My new favourite go-to website for workhorse yarns (eg, Cascade 220), is Yarn Canada. Just quick, unremunerated public service announcement that they are giving away $2000 in free yarn to individuals and groups who will use that yarn for charity work and good causes. Check it out!
So, ages ago, I knit a lovely riding sweater to wear when working the horses in cooler weather. I actually haven’t worn it that much, due to needing to redo the zipper, add a clasp at the top, and being reluctant to let something that took so much time to make become covered in pony slobbers. Despite this, I’ve decided to make another sweater for riding anyway; this one is specifically going to be for wearing at a clinic with my coach in Quebec next year. If it doesn’t get too filthy, I’ll also be able to wear it when I swing down to Montreal from the Laurentians on an off day.
What pattern, you ask? I have no idea. I do know, however, that it will be made with fleece from my barn’s new flock of fiber sheep. (This has all been very exciting, let me tell you.) I did a small swatch of semi-woollen, sport/DK-weight yarn from a BFLxRomney ewe by the name of Diesel, and it’s perfect light sweater material:
Diesel is closely related to the sheep that produced the Grand Champion Fleece at the Royal Winter Fair this year, so she’s got good genetics. The whole flock is young so I have to wait til next year for their fleeces, but I can’t wait. (Also, in case you’re wondering, sheep are DELIGHTFUL — seriously. Sweet and smart and hilarious.) Diesel (front) and her sister, Elisabeth:
That’s my own spindle in the photo, in nearly metallic satin sycamore wood, in its home in a vintage library catalogue (where my growing collections live). Get your hands on a copy of the magazine and I hope you enjoy!
I’m pleased to announce I will be holding my Beginner Spinning on a Drop Spindle workshop in Toronto later this month. As part of an event hosted by The Stop at Wychwood Barns, I’ll be teaching this workshop from 10a-12p on October 21. Drop spindle, fibre, and notes to take home are included in the class fee of $50. Spots are very limited so email me at lordal (at) gmail (dot) com to reserve yours!
I’m now a semi-frequent recipient of Chinese yarn, which is notorious for listing only the weight of the skein/ball on the label, and not the yardage. Chinese patterns seem to rely on weight-based requirements rather than the Western preference for yardage, so deciding whether the following heap of fine merino is enough to make Alcomar can be tricky:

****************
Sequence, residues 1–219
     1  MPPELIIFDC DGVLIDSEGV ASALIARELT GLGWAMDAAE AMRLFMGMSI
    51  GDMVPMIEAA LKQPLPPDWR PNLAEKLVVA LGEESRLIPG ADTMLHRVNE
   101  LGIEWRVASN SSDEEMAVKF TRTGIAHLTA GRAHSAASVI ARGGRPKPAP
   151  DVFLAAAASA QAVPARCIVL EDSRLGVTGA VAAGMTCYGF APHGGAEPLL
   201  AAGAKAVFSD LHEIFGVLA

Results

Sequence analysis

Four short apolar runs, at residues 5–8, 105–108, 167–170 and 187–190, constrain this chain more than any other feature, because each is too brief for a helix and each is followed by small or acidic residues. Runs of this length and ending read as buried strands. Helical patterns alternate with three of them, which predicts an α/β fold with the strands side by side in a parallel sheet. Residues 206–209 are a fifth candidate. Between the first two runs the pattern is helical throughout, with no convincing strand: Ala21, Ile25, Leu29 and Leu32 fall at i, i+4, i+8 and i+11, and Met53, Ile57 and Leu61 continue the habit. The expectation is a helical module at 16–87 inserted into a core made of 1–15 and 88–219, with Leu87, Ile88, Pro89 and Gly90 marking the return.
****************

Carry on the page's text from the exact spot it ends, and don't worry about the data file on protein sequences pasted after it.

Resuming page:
I thought I might grab a clever little tool called a yarn balance, which helps you calculate yardage per weight of a particular yarn, but at $54 each, uhhhh… no thanks.
Fortunately, intrepid knitters before me have published a set of instructions for a DIY yarn balance, and I will quickly be acquiring the scrap bits of bamboo and plastic to make my own. I suspect that there’s about 400 yards in each 100g skein, given its light fingering weight, but I’ll report back once there’s been some sciencing…
Hey all, I’m thrilled to announce the return of my beginner spinning classes in 2017–check out my Workshops page for more info!
As always, I can do private workshops on other topics (or even a private beginners’ classes with you a friend, for example) as well. Just contact me and I’ll see what I can do!
A while back I got an email from Yarn Canada asking if I’d review a new yarn they are carrying. Of course I said yes (I mean, twist my arm), and was sent a few skeins of a new sock yarn by Red Heart, called Heart and Sole (of course):
I know what you’re thinking: Red Heart? Really? And yes, it’s true that I long thought of it as “that stuff I knit with when I was a raw beginner” but it turns out they are making inroads on the yarn snob demographic, or at least attempting to. I was definitely skeptical but I’m not going to lie–I actually like this stuff. What first caught my eye was the colour ways:
This is “Riverstone.” I also picked out “Lakehouse” (or “Mason du Lac” in the mangled French on the label, hehe). Both are pretty gorgeous colour combos. One thing I would change is to make this self-striping, rather than variegated, but I’m not a variegated fan anyway. When you knit up even small samples, you can see how quickly the colours change, so I bet it would pool or flash:
And how does it knit up? It’s ever so slightly splitty, and isn’t the softest yarn I’ve ever worked with, but the hand is decent and it’s not scratchy. It does feel softer after blocking. Overall, I’d say I was pleasantly surprised, and if they ever come out with self-striping colour ways, I might just be tempted to pick up one or two.
Thanks to Yarn Canada for the opportunity to try out this yarn! As I said, I was pleasantly surprised.